Why I Refuse to ‘Forget’ My Son Had Cancer

We could not unsee what we saw.  I didn’t want to ever get over it.  I wanted to remember it, a small offering to them…

the children that didn’t get to go home

the chemo being administered in the crowded waiting room that doubled as a clinic

the parents’ faces, the childrens’ faces, their souls in their eyes

the feeling of despair and deep love that hung heavy and quiet in the air

the bravery, strength, and beauty beyond measure 


A door had been opened, we walked beyond the false security of a world where children are immune to pain and suffering, innocent to all bad things.  As if we had laid our eyes on what was behind the curtain, we could no longer not know about this new (to us) and unfairly cruel world.  A disease that didn’t care about our fundamental belief that children should be allowed the freedom and beauty of an unmarked childhood.  And a world that continued to move on, seemingly unaware, despite its youngest souls hurting.

Getting over it would be like looking at the scars from what we endured and denying their existence.  This was meant to change us, only it was up to us to determine how.  


It has been more than eleven years now since that spring day.  Within those years there have been times of worry and concern, times we have spoken out to raise money and awareness, times we have been told are prime for a recurrence, times for actions, always gratitude.  General ailments, sickness, will sometimes bring that back-of-the-mind question forward, is this something more?  It has been a conscious effort to fully live life, a spirit in our son that is wise beyond his years rooted in a real and true life. A life where joy and anxiety can exist in the same moment, and we will fight for joy to win out every time.  A journey that we will always be on together, but a story now with the details that are his to tell.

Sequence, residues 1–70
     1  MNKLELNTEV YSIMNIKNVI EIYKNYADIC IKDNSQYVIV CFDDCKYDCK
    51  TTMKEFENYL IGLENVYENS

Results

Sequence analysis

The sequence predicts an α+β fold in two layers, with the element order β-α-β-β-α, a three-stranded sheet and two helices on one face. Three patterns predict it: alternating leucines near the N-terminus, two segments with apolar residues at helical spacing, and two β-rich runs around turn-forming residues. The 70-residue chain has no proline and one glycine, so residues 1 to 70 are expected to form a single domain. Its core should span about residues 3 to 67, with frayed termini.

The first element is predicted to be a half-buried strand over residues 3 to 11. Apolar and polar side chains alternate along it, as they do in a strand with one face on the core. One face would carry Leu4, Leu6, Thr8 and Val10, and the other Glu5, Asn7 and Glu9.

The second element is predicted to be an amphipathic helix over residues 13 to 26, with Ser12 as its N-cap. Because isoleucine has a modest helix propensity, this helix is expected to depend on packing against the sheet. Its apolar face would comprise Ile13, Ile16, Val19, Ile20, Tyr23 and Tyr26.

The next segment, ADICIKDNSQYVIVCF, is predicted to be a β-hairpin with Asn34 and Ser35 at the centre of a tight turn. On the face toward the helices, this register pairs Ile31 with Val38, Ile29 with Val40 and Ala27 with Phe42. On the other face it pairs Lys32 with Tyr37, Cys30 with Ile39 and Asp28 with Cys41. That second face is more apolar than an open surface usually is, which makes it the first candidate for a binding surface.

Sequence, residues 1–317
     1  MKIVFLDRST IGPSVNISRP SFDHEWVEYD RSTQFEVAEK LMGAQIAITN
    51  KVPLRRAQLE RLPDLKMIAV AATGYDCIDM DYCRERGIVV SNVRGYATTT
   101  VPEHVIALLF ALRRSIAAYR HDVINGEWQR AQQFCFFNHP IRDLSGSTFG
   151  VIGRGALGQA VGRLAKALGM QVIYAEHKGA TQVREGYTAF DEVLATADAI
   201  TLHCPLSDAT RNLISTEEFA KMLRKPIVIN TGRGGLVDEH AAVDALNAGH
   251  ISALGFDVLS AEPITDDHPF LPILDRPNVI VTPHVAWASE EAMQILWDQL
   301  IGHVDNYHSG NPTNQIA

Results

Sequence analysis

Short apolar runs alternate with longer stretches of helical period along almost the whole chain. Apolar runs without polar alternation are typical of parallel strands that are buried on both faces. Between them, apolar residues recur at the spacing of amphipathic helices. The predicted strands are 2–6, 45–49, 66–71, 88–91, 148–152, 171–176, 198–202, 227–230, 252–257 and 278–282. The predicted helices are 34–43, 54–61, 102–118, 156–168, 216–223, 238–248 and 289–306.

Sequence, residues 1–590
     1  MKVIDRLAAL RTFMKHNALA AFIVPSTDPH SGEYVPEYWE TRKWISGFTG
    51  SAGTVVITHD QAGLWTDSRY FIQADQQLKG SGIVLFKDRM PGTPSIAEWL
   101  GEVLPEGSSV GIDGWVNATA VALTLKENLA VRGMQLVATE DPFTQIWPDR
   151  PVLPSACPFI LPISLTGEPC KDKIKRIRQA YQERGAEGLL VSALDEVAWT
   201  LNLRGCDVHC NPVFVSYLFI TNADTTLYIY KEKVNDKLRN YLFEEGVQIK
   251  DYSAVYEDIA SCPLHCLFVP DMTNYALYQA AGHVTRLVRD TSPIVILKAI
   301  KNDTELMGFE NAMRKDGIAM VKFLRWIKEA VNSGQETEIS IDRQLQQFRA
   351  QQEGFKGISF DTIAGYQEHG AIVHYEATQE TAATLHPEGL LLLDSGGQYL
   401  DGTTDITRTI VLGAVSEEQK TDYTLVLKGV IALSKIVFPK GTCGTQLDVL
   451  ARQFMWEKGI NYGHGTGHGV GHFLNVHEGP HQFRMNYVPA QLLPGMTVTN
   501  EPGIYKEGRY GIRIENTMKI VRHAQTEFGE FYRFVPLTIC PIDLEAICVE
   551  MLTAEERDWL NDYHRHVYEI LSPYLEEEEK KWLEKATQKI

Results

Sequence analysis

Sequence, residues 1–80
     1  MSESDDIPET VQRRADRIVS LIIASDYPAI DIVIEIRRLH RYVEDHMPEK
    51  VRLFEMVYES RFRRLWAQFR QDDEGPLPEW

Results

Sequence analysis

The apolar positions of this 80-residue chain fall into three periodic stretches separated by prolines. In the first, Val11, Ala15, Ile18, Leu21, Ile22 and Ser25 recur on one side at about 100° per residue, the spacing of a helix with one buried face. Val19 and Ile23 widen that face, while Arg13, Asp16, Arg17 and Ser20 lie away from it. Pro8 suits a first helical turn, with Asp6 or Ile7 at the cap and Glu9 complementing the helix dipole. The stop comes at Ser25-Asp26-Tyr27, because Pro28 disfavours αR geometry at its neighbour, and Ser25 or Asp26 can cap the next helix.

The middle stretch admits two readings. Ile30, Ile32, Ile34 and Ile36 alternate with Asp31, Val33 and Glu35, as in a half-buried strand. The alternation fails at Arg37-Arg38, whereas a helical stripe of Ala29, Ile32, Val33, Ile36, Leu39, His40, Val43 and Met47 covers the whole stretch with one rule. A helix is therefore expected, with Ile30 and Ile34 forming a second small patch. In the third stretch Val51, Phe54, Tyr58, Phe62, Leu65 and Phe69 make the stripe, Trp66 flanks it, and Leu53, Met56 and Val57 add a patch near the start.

I never did find anything good in that comment, but I did find beauty when I was open to seeing it, in all the ones who continue to fight for those who cannot.  Who continue to let love spill from the deep gashes in their hearts.  Those who know that when they tell their story it will bring healing and a witness.  Those who look back, look around, seek those who have been hurt by the same thing and say, I will not run, it will not scare me away, I am here with you.  I will not forget.   

My eyes will always remain open as will my heart.  It is my hope to never get over it.


This article originally appeared at MichelleKrol.com.

Michelle Krol
Michelle Krol
Michelle Krol is a boy mama five times over.  She lives an unexpected, beautifully messy, life with her crew (four share the same birthday) and her husband, who helps keep her heart light, in a charming suburb outside of Chicago.  She tells pieces of her story on Instagram @michellekrolwrites, and uses her little corner of the world,www.michellekrol.com, to encourage and inspire moms of boys.  It is here she shares ways to celebrate boyhoodwhile keeping our resolve to raise gentlemen.

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